Move onward, therefore, with a firmness which no obstacles shall shake, to the entire revolution and renewal of the inward nature; the increased illumination of the conscience, that great light of the mind; the sanctification of the desires, which embrace the whole propensive and "affectional" nature; and the subjection of the will, which is naturally so proud and rebellious, to the will of God.
Fear not that God will desert you. Aided by the intellectual light which he has seen fit to give, and by those favorable emotions he has already excited, form the fixed, unalterable purpose, "the high resolve," in reliance upon divine grace, to be wholly his. No doubt, in many cases, the struggle will be severe. The unsanctified desires especially, including the various appetites, propensities, and affections, which form so important a part of our nature, are selfish and tenacious; and, considered as opposed to any and all human strength, are undoubtedly invincible. But God has said, "My grace is sufficient for thee." His word shall never fail; and least of all, in such a struggle, in which his own heart of infinite love is enlisted. Desire after desire will fall; idol after idol will be demolished; the Christian graces will successively gain the ascendancy; till the Holy Ghost shall take up his permanent residence in his own purified temple, and victory will sit crowned in the center of the heart.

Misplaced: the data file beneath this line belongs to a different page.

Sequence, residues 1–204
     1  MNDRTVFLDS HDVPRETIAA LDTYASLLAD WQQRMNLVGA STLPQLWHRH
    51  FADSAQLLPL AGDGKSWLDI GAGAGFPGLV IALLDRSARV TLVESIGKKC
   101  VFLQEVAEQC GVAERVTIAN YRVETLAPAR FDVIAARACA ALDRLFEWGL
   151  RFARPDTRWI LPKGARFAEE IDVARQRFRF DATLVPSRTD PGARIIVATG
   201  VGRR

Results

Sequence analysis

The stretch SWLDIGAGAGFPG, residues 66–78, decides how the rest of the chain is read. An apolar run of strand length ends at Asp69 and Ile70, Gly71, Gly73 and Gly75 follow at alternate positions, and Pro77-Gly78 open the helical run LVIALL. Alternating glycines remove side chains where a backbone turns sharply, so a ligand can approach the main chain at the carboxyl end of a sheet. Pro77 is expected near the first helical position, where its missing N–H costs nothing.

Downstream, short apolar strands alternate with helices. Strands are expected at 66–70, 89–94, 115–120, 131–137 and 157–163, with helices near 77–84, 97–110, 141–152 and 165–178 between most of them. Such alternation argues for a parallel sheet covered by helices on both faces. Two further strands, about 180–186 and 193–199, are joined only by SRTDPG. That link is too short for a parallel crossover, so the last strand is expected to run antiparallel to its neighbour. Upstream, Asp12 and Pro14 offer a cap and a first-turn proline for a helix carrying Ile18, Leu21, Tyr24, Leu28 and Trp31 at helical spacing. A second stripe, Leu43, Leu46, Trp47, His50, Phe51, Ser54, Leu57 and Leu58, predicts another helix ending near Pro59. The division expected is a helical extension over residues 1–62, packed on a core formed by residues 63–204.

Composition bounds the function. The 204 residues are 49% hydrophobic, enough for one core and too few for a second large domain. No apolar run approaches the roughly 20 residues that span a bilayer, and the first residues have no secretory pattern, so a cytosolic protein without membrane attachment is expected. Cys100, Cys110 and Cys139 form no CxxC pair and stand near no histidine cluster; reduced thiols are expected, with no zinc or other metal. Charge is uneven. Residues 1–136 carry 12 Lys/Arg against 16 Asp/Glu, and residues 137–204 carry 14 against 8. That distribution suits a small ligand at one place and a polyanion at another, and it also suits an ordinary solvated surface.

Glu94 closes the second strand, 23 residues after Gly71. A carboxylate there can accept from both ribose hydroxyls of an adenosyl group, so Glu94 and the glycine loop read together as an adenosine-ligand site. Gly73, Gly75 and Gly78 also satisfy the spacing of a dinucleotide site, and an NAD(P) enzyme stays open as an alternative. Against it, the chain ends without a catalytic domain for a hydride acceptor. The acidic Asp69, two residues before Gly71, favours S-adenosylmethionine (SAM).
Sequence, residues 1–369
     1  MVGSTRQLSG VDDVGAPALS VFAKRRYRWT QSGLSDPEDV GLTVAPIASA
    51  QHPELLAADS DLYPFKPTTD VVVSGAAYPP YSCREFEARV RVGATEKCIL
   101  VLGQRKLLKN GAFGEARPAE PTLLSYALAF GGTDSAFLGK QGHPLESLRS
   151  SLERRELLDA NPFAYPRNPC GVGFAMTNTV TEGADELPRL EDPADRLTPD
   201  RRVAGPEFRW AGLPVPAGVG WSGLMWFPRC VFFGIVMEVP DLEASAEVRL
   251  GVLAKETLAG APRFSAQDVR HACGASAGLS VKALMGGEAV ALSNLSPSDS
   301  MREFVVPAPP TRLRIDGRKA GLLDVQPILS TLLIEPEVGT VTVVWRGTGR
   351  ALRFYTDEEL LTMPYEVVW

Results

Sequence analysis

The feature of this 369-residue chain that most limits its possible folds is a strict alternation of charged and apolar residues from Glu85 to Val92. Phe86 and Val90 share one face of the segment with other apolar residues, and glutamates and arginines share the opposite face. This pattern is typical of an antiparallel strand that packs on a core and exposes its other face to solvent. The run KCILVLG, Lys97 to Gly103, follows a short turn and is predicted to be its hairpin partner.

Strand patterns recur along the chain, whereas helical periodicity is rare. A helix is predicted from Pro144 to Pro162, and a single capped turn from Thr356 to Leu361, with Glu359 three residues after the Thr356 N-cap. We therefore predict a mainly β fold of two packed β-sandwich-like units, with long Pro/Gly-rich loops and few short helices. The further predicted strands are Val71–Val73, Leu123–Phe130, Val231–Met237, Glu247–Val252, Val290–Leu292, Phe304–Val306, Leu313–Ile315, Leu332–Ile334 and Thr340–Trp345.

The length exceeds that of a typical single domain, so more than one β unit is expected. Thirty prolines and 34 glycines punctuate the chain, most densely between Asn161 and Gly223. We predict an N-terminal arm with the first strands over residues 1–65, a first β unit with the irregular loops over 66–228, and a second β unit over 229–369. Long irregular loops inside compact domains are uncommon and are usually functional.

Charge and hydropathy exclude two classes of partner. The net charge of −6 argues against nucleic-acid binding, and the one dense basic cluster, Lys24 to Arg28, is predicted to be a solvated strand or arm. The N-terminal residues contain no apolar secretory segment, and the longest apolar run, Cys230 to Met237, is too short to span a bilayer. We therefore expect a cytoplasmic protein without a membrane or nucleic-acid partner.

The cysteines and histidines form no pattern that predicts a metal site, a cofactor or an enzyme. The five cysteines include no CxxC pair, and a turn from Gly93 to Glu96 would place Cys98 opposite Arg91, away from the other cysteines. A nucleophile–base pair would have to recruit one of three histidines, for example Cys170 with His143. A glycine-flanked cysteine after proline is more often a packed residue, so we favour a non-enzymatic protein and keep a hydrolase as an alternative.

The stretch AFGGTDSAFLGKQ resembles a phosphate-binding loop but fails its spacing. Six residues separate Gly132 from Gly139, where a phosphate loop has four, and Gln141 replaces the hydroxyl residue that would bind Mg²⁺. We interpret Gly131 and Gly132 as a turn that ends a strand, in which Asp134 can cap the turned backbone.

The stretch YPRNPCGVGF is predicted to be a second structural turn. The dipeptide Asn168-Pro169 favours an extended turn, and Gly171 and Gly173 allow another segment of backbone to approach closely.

Jehovah, sovereign of my heart!
My joy by night and day!
From Thee, oh may I never part,
From Thee ne'er go astray.
Whene'er allurements round me stand,
And tempt me from my choice;
Oh, let me find thy gracious hand,
Oh, let me hear thy voice!
— edited from The Interior or Hidden Life (1844) Part 1, Chapter 16.